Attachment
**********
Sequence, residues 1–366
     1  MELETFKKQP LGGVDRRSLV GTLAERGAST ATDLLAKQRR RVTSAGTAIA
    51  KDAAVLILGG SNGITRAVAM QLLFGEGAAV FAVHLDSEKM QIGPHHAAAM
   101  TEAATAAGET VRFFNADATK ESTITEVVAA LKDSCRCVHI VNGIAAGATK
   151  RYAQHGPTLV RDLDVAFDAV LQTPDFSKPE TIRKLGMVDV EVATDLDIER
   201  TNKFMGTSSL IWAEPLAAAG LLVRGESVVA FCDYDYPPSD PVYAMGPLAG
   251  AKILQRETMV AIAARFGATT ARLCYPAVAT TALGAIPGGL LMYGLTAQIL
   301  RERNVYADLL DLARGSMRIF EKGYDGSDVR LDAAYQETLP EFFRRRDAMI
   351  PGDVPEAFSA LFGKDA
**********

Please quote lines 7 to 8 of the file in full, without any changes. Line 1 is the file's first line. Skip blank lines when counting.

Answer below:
   251  AKILQRETMV AIAARFGATT ARLCYPAVAT TALGAIPGGL LMYGLTAQIL
   301  RERNVYADLL DLARGSMRIF EKGYDGSDVR LDAAYQETLP EFFRRRDAMI